Blood Meridian is certainly not going to be for everyone.  Beyond the difficult language and complete lack of punctuation outside of sentence ending periods, McCarthy infuses the book with more violence than any novel I have ever read.  If you've seen No Country for Old Men or The Road then you may have a sense of McCarthy's violence as these are both based upon his prior works.  Even still, both of these films pale in comparison to the violence contained here.  Ridley Scott (who directed the recent film, The Counselor which was a McCarthy screenplay) has said that if he directed a film version of Blood Meridian that it would be rated NC-17 at the least and may not be filmable at all.  I tend to agree with him as the amount of blood and gore present is beyond what I have ever read before.  Not that it is unrealistic...on the contrary, it is probably VERY realistic given what we are dealing with.  The crushing of a baby's skull, the sodomizing of a injured opponent, the mutilation of a dead body, the scalping of a live body, and on and on and on...its not fun stuff...but if you turn to ask yourself "Is this real?" and you find yourself answering that yes, things likely were (and even more frighteningly, still are) this way.  It is stomach churningly brutal in its depictions.  And no one gets off looking good here.  The Americans, the Mexicans, the Indians, everyone here is capable of such levels of depravity and violence you "think" you are reading of a different world.  An example of such a depiction is here:

When Glanton and his chiefs swung back through the village people were running out under the horses' hooves and the horses were plunging and some of the men were moving on foot among the huts with torches and dragging the victims out, slathered and dripping with blood, hacking at the dying and decapitating those who knelt for mercy.  There were in camp a number of Mexican slaves and these ran forth calling out in spanish and were brained or shot and one of the Delawares emerged from the smoke with a naked infant dangling in each hand and squatted at a ring of midden stones and swung them by the heels each in turn and bashed their heads against the stones so that the brains burst forth through the fontanel in a bloody spew and humans on fire came shrieking forth like berserkers and the riders hacked them down with their enormous knives and a young woman ran up and embraced the bloodied forefeet of Glanton's warhorse.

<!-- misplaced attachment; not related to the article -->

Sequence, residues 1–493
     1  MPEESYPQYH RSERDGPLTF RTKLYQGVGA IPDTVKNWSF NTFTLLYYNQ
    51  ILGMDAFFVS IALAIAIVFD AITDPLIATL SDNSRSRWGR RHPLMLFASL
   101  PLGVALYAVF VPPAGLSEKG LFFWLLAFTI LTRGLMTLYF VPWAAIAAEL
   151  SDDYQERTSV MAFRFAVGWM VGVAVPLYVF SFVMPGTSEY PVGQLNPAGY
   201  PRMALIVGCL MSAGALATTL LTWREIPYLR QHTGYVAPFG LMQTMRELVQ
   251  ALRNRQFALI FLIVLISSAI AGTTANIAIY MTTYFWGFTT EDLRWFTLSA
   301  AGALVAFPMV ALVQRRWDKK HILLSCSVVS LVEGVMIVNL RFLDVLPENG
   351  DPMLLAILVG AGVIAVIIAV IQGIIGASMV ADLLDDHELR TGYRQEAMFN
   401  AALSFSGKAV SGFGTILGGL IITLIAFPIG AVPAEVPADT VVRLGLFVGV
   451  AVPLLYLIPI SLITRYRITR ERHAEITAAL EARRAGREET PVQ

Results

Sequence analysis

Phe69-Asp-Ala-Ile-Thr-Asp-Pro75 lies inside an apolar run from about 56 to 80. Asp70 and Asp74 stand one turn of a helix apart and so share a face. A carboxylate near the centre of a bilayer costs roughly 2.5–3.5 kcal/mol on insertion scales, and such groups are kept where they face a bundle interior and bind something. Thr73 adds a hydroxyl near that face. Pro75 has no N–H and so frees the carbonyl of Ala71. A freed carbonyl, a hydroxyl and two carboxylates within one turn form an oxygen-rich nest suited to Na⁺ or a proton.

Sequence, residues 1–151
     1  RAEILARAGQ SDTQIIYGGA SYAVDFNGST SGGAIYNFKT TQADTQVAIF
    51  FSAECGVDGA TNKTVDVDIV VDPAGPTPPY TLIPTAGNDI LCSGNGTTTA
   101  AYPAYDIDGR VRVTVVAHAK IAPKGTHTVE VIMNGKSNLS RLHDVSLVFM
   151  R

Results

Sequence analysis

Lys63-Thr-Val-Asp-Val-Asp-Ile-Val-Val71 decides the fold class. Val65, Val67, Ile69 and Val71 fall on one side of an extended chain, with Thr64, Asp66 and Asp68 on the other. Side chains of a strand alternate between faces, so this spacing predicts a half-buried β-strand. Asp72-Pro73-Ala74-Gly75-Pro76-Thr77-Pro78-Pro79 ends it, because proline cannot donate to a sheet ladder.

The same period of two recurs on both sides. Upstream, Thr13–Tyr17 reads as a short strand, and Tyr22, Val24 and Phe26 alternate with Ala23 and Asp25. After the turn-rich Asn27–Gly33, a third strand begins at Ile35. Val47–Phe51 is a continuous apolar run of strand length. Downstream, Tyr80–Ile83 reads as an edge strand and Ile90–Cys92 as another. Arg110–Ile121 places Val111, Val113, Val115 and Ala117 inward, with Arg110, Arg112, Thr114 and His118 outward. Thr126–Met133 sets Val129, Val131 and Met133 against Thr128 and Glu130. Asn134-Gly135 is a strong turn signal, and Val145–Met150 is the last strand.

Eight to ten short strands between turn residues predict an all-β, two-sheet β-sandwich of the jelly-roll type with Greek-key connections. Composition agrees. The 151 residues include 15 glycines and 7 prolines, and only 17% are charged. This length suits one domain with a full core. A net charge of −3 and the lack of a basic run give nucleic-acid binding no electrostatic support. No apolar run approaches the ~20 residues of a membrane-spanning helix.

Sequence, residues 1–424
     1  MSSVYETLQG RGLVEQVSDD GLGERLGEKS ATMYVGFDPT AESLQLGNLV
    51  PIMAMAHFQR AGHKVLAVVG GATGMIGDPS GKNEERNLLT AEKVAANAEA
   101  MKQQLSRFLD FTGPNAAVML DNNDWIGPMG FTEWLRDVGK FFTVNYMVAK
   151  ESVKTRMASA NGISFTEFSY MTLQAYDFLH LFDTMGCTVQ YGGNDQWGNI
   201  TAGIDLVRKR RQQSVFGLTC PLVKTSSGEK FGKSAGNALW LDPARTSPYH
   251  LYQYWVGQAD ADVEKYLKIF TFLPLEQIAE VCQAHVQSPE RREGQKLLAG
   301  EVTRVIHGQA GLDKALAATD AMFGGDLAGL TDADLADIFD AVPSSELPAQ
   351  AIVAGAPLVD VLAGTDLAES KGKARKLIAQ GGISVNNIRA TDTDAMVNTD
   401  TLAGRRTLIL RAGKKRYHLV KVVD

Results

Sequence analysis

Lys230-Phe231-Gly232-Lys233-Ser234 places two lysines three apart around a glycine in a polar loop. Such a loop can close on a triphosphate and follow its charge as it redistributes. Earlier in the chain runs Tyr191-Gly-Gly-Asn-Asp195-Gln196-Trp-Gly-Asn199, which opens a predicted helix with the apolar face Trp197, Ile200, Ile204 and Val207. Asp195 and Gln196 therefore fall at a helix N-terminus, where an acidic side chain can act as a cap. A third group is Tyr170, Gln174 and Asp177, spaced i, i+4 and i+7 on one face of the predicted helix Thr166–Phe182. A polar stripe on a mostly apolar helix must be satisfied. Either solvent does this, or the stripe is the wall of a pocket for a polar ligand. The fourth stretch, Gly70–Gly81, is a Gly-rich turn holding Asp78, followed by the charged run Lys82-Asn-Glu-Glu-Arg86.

Yup, that's what you're in for on a consistent basis.  That and more, over and over.  But that's partly what McCarthy and the Judge are getting at...that humanity has been, is and always will be a violent, ugly, brutal species and those who pretend otherwise are not "true dancers".  Whether that is true or not isn't the point, instead McCarthy is showing us what is often at the human core--what is at your and my core if we're honest and what we'll pass on to the next generation.  In fact McCarthy, in perhaps his most direct message to the reader begins the work with three epigraphs one of which is the following:
Clark, who led last year’s expedition to the Afar region of northern Ethiopia, and UC Berkeley colleague Tim D. White, also said that a re-examination of a 300,000-year-old fossil skull found in the same region earlier shows evidence of having been scalped 

This quotation taken from the Yuma Daily Sun in the early 1900s regarding the discovery of an early hominid skull in Africa that displayed signs of having been scalped itself.  Violence and war of the most horrific sorts has been with us, literally, since the beginning of time.  If you can take it, read this book, it will stay with you till the Judge comes to take you as well.